Country of origin
Dimensions and displacement
Displacement, full load
5 780 tons
Propulsion and speed
7 400 km at 18 knots
CODAG arrangement with one gas turbine (35 514
shp) and two diesel engines (10 061 shp each), to two shafts
2 x NFH 90 or Sea Lynx Mk.88A
1 x 76 mm gun, 2 x 27 mm guns
32-cell Mk.41 VLS with 24 x Standard SM-2 and 32
missiles; 2 x RAM launchers with 42 RIM-116 surface-to-air missiles, 8 x
RGM-84 Harpoon anti-ship missiles
2 x tripple 324 mm launchers for MU90 lightweight
Currently the German
F124 or Sachsen class is one of the most advanced classes of frigates
in the world. These vessels are extremely powerful and fulfill a
primary role of air defense, at which they excel, with their world
class radar suite and powerful armament.
Development of the Sachsen class began in the 1990s as a
replacement for the aging and obsolete Lutjens class of destroyers
in the air defense role.
A memorandum of understanding was signed in
1993 between the German government and the Blohm & Voss, Royal
Schelde and Bazan (now Navantia) shipyards.
class was developed in cooperation with Spain’s
Alvaro de Bazan class and the Netherlands’s
De Zeven Provincien class. The goal of this joint project was to
produce a powerful class of warships able to operate in high-threat
The design that emerged is a
joint German and Dutch project based on the use of a common primary
anti-air warfare system using the Standard SM-2 and Evolved Sea
Sparrow medium-range surface-to-air missiles.
The design of the Type 124 Sachsen class frigate is based on that of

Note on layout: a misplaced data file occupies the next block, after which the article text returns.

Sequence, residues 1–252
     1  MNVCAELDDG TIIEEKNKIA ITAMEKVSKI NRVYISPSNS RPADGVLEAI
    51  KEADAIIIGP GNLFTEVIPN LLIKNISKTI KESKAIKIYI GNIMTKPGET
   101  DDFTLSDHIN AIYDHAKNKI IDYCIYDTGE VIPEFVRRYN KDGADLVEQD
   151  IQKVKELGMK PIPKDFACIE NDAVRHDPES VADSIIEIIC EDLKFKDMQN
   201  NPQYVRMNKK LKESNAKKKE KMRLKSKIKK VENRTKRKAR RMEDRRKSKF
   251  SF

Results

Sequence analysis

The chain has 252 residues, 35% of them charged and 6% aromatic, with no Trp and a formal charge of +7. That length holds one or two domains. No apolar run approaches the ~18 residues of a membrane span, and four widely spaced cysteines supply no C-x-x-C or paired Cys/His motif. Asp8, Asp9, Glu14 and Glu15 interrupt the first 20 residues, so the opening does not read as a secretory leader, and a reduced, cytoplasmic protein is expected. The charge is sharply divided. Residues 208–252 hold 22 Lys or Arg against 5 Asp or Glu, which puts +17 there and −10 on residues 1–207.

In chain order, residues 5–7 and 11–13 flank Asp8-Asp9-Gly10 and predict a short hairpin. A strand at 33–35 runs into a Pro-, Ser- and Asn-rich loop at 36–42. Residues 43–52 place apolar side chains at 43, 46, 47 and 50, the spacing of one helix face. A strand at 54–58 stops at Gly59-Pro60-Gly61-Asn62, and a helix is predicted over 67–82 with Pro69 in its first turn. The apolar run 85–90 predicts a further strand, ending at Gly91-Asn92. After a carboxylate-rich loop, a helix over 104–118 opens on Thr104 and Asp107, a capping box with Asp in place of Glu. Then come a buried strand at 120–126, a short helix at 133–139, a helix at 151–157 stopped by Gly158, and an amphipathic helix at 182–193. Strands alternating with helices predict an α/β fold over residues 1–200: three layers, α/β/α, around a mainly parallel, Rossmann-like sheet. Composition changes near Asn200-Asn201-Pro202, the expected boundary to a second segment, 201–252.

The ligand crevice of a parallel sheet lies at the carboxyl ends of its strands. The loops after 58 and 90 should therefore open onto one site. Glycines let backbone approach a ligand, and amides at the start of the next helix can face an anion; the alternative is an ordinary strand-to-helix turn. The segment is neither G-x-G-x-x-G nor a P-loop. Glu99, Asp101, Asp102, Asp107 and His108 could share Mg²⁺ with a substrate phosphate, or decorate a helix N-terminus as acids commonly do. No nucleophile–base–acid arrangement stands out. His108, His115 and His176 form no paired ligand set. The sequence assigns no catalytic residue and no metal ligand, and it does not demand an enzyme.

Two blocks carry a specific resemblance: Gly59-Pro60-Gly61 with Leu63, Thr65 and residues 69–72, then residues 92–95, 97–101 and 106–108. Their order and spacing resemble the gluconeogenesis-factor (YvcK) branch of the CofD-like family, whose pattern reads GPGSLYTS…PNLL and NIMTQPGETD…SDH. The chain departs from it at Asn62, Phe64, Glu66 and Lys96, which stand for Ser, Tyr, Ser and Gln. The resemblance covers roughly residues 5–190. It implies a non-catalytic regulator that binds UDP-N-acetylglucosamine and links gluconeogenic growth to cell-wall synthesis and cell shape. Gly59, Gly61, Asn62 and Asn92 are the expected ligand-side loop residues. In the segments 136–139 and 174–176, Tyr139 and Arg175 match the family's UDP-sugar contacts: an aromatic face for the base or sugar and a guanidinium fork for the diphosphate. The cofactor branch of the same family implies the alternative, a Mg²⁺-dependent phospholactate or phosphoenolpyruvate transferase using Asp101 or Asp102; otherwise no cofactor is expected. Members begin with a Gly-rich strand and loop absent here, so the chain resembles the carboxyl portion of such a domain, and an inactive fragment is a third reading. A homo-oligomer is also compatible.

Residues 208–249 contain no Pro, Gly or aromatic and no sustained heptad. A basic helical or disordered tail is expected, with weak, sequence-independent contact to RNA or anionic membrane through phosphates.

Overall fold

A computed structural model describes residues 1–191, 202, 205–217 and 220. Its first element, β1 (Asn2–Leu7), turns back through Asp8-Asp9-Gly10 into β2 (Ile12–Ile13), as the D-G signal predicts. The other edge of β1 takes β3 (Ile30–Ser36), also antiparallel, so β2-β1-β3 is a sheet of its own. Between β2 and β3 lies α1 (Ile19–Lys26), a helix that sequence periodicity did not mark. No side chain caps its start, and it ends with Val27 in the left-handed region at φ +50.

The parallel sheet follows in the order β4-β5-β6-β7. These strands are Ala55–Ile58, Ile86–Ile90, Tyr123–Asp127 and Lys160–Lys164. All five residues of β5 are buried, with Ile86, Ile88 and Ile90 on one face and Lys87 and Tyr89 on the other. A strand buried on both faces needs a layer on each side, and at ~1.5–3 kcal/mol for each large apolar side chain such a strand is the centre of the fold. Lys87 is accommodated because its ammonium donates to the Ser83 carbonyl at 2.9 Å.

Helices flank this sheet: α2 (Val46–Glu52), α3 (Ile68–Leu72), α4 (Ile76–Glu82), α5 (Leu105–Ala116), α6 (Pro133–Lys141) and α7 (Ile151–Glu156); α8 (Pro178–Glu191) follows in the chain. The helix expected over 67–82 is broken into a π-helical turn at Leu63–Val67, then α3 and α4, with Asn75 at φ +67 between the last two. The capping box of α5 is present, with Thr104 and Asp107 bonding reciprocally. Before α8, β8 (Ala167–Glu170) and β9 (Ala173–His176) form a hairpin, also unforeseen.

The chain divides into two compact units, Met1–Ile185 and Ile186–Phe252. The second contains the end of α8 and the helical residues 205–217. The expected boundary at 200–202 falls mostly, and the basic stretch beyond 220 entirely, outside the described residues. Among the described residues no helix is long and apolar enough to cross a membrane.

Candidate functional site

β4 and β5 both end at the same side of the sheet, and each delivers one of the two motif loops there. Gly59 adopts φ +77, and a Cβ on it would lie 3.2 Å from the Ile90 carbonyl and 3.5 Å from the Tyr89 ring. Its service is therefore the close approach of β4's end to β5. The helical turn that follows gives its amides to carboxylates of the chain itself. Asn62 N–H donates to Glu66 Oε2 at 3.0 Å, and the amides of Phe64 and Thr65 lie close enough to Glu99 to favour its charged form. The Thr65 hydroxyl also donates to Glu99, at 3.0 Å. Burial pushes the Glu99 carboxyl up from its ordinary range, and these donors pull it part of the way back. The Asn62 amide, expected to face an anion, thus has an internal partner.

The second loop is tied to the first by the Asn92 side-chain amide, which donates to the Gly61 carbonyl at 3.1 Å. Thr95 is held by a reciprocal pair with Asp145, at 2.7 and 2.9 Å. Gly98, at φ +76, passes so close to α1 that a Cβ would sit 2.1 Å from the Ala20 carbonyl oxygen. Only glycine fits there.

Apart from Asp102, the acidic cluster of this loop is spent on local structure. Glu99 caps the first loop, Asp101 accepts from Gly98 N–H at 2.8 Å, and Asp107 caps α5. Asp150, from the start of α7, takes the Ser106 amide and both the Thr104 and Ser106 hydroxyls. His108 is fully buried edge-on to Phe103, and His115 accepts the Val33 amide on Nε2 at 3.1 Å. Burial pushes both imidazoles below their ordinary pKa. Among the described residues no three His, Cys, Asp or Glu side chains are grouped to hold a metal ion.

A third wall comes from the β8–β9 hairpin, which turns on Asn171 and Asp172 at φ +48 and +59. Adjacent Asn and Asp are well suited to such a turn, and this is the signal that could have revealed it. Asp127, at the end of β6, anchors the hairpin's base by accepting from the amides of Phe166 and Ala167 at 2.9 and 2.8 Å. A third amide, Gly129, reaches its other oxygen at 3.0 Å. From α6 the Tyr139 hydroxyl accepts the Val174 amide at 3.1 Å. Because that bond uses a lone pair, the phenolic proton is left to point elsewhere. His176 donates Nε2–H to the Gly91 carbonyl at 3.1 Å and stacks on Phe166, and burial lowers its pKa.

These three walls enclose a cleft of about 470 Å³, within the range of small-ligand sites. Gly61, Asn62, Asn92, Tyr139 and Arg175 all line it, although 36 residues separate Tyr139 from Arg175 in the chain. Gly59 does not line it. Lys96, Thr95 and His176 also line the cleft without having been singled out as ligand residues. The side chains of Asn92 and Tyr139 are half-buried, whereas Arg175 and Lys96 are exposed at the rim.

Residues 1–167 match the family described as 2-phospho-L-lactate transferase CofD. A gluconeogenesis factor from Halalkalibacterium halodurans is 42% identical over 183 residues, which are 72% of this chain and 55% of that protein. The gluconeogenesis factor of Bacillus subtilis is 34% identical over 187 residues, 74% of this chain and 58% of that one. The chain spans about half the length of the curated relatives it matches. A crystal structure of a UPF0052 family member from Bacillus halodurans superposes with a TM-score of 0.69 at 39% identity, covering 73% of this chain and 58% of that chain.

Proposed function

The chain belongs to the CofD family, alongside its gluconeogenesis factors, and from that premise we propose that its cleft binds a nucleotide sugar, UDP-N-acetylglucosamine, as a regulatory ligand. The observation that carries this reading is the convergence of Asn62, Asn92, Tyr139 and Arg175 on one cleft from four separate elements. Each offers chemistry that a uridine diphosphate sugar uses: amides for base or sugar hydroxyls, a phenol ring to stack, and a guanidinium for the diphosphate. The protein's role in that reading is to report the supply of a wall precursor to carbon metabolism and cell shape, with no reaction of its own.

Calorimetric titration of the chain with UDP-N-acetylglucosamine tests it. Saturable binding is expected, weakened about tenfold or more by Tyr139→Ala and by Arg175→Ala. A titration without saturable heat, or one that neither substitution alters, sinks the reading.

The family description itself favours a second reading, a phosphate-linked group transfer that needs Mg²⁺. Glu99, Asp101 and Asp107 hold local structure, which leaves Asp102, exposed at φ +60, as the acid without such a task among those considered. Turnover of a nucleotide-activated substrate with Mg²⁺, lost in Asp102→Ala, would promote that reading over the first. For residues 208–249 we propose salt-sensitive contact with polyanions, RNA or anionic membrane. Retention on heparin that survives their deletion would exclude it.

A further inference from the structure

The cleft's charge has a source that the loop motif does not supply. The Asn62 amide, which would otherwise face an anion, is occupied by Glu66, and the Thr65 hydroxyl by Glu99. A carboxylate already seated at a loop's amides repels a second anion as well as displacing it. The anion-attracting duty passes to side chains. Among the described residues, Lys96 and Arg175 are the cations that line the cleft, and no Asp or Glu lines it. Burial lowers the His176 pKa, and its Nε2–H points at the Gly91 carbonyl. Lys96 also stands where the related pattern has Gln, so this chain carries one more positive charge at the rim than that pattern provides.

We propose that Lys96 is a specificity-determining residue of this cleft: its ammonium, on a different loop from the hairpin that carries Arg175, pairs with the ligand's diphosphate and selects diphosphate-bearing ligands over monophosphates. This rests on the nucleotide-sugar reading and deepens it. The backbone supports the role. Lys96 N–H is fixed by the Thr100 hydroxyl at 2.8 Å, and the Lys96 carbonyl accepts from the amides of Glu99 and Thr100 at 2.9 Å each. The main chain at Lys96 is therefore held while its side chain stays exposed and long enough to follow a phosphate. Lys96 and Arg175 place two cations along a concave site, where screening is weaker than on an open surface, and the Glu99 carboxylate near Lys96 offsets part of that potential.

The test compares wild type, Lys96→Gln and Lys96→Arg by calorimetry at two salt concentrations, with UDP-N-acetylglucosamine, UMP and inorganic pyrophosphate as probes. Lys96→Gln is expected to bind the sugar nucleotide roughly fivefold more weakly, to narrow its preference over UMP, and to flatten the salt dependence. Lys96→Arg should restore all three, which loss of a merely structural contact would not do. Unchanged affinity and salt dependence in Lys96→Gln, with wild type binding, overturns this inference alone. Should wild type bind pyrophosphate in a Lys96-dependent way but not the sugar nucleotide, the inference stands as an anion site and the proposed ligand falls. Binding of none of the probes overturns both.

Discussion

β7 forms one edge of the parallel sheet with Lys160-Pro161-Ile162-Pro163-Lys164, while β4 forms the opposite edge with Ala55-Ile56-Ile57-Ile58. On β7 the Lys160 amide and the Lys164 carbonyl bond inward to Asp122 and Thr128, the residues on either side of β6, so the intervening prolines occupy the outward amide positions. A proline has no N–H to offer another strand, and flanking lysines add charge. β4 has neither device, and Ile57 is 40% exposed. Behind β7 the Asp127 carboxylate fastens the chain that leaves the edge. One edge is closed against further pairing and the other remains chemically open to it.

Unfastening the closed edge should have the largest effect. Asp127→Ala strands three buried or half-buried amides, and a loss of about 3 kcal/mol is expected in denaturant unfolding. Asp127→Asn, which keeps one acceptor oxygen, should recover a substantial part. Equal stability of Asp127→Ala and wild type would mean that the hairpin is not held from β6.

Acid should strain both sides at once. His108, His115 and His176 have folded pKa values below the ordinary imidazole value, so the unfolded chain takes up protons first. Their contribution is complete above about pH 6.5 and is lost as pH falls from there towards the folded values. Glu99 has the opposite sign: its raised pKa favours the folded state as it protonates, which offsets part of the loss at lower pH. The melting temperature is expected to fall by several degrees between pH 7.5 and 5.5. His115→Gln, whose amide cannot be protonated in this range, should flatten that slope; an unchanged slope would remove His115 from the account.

the Type 123 Brandenburg class. This technologically advanced
has enhanced stealth features
intended to deceive any opponent's radar and acoustic sensors.
It also incorporates
extensive Electronic Countermeasure (ECM) and
decoy system suite, all of which enhance its survivability
In 1996 the German government contracted for three ships with an
option on a fourth that was provisionally to have been named as the Thuringen, but the option for this fourth ship was not taken up.
Thus the class comprises three ships, the Sachsen, Hamburg and
Hessen. Entering limited service in 2003, the Sachsen class replaced
the Lutjens class destroyers. Actually in terms of displacement
and firepower the Sachsen class vessels are more closer to
destroyers. These warships have much ship platform
commonality with the Dutch
De Zeven Provincien class
likely that these ships are designated frigates for political
Primary mission of the Sachsen class is air defense of the German
fleet. Secondary roles are anti-ship and anti-submarine warfare.
SMART-L radar for long-range aerial surveillance. It can detect and
track ballistic missiles at a range of up to 480 km. At shorter
ranges this radar can reportedly track stealth weapons. The SMART-L
is capable of tracking 1 500 targets simultaneously and provides
Mounted round the top of
the superstructure are the four antennae of the Thales advanced
phased-array air/surface radar.
target detection, tracking and engagement. It can track 150+ surface
targets to ranges of 32 km and 200+ aerial targets out to 150 km.
helps to guide missiles and artillery fire. Up to 32 missiles can be
guided in flight simultaneously, including 16 missiles in terminal
stage. Such capability is very important while defending against
saturated missile attacks. Furthermore the APAR radar has a large
Counter-Countermeasures (ECCM) suite.
It is considered that radar combination of the Sachsen